I am delighted to share my review today for The Last House on the Street by Diane Chamberlain. This is a wonderful book that is a mix of past and present with a strong mysterious streak within it.
My huge thanks to Headline Fiction Books for granting my request to read this book via NetGalley.
Secrets won’t stay silent forever.
2020. A recently widowed architect moves into the home she and her late husband designed, heartbroken that he will never cross the threshold. But when disturbing things begin to happen, it’s clear that someone is sending her a warning. Who is trying to frighten her away, and why? It is only when she meets an elderly neighbour that she learns the street has a shocking and tragic past. A past that some will go to any lengths to keep hidden.
1964. A young white female student becomes involved in the fight for civil rights in North Carolina, falling in love with one of her fellow activists, in a time and place where an interracial relationship must be hidden from family, friends and especially the reemerging Ku Klux Klan. As tensions rise in the town, she realises not everyone is who they appear to be.
Decades later, past and present are set to collide in the last house on the street…
If you like to read books with duel timelines, have historical as well as present-day mysteries, including prejudice, political and social injustice, violence, mistrust and love, then this is a book that should definitely be on your radar.
This is set in North Carolina. The present-day setting is of Kayla and her daughter moving into their new home. It is one that Kayla and her late husband designed and built, so it is a bitter/ sweet occasion. The past is set in the same area and of a young woman Ellie who decides that rather than just report about the social injustices occurring in the US in the ’60s.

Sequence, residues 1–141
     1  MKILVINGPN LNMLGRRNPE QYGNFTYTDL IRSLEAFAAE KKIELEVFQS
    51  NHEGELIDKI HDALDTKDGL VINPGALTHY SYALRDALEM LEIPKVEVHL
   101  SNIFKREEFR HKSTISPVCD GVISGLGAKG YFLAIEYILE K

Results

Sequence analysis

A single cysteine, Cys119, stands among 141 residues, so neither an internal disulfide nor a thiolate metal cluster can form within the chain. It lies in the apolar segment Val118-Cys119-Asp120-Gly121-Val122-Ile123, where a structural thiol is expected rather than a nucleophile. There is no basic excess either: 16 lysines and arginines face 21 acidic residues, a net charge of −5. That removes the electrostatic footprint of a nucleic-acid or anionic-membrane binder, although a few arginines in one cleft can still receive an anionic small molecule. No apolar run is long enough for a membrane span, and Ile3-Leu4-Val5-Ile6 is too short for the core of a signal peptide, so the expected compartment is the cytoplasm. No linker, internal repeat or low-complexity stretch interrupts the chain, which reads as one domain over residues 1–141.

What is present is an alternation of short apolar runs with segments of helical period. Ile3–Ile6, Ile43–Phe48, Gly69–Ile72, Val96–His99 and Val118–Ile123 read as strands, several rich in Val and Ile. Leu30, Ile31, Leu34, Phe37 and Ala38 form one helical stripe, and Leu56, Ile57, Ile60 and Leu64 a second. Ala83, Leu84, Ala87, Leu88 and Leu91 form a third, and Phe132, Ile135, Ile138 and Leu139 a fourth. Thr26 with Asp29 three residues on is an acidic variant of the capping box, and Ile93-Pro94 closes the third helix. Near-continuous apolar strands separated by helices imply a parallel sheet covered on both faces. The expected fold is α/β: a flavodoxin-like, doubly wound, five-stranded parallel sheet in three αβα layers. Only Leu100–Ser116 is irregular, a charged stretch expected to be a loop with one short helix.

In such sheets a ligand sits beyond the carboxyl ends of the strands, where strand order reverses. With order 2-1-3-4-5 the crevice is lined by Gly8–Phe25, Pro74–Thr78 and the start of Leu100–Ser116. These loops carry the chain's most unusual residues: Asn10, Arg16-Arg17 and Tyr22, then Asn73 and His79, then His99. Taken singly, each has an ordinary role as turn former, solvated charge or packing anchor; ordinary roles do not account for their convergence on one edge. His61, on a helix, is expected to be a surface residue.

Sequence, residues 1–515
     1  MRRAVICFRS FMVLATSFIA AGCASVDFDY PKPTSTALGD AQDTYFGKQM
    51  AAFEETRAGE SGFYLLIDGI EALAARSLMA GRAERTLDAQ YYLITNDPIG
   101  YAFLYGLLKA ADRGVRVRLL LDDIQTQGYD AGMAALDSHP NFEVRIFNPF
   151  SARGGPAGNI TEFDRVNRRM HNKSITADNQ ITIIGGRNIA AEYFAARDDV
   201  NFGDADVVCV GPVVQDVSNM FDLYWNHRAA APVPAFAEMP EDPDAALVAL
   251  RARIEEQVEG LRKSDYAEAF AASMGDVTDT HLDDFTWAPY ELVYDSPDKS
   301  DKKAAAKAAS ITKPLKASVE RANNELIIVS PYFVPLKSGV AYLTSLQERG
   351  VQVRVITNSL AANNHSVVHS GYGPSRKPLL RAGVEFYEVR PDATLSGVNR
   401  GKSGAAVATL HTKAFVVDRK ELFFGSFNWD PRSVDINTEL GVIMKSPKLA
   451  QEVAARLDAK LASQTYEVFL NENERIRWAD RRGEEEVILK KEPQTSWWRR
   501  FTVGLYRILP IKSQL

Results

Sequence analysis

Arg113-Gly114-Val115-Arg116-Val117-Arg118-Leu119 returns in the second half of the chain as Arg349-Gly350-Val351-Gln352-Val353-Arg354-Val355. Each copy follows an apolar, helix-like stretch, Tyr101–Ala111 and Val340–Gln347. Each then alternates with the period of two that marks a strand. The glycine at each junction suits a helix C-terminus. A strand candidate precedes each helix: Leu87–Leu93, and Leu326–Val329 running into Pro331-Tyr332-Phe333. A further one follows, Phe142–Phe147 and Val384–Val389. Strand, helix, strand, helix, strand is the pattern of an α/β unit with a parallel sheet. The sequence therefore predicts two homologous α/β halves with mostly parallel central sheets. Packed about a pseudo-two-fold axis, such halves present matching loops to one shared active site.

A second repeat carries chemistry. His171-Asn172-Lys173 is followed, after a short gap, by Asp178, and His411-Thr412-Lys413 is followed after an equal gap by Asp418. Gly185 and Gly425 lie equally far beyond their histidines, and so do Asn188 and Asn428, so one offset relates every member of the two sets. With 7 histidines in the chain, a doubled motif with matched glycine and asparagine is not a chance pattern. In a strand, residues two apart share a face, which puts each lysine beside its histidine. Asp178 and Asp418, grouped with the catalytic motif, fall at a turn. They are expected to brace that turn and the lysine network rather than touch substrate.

How the two connect is something that becomes apparent as the stories start to delve into emerging. As much as I really enjoyed the present-day setting, I found it was the historical setting that I found the most addictive. The author portrays so well the decisions of Ellie and how she felt so moved to stand up for what she believes in. This was also the harder of the two stories to read. It shows so many different aspects of life in the US at the time.
Without giving too much away, the 1960s in the US was a turbulent and troubled time. It was an era that challenged peoples perceptions, rights and beliefs. Protests, speeches, demonstrations during the Civil Rights Movement and the backlash from the KKK is something that is very hard to read. But I do think that the author has tackled this very well within the context of the story.
The present-day setting is still an amazing section, it is harrowing and how it is connected to the past is something that again has been done so well. ASs a reader you see links, but it is often why things are linked that keeps you reading. This is where the author has really excelled, bringing the mysteries of the past to the present makes for extremely addictive reading.
This really is a fabulous story to read, it is harrowing and also shows discrimination as its worst. It is one that I found to be addictive and heartbreaking. A mix of past and present that I would definitely recommend.
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